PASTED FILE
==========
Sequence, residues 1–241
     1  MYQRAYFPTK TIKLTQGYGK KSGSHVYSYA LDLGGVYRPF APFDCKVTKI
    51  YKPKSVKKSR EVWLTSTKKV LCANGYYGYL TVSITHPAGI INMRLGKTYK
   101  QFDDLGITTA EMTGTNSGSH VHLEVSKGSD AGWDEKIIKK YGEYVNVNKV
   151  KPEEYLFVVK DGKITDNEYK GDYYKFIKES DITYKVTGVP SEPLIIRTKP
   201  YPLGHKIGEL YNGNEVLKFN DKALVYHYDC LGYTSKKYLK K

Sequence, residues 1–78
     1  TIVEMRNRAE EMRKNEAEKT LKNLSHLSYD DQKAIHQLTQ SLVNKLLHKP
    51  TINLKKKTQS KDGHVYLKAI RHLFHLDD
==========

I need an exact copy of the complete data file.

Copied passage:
Sequence, residues 1–241
     1  MYQRAYFPTK TIKLTQGYGK KSGSHVYSYA LDLGGVYRPF APFDCKVTKI
    51  YKPKSVKKSR EVWLTSTKKV LCANGYYGYL TVSITHPAGI INMRLGKTYK
   101  QFDDLGITTA EMTGTNSGSH VHLEVSKGSD AGWDEKIIKK YGEYVNVNKV
   151  KPEEYLFVVK DGKITDNEYK GDYYKFIKES DITYKVTGVP SEPLIIRTKP
   201  YPLGHKIGEL YNGNEVLKFN DKALVYHYDC LGYTSKKYLK K

Sequence, residues 1–78
     1  TIVEMRNRAE EMRKNEAEKT LKNLSHLSYD DQKAIHQLTQ SLVNKLLHKP
    51  TINLKKKTQS KDGHVYLKAI RHLFHLDD